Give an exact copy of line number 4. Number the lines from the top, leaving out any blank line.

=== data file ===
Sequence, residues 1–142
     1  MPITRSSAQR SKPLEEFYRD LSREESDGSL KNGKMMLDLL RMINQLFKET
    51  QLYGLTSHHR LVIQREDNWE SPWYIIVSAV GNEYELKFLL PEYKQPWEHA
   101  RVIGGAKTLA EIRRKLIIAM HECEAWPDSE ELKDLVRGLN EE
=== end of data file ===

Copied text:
   101  RVIGGAKTLA EIRRKLIIAM HECEAWPDSE ELKDLVRGLN EE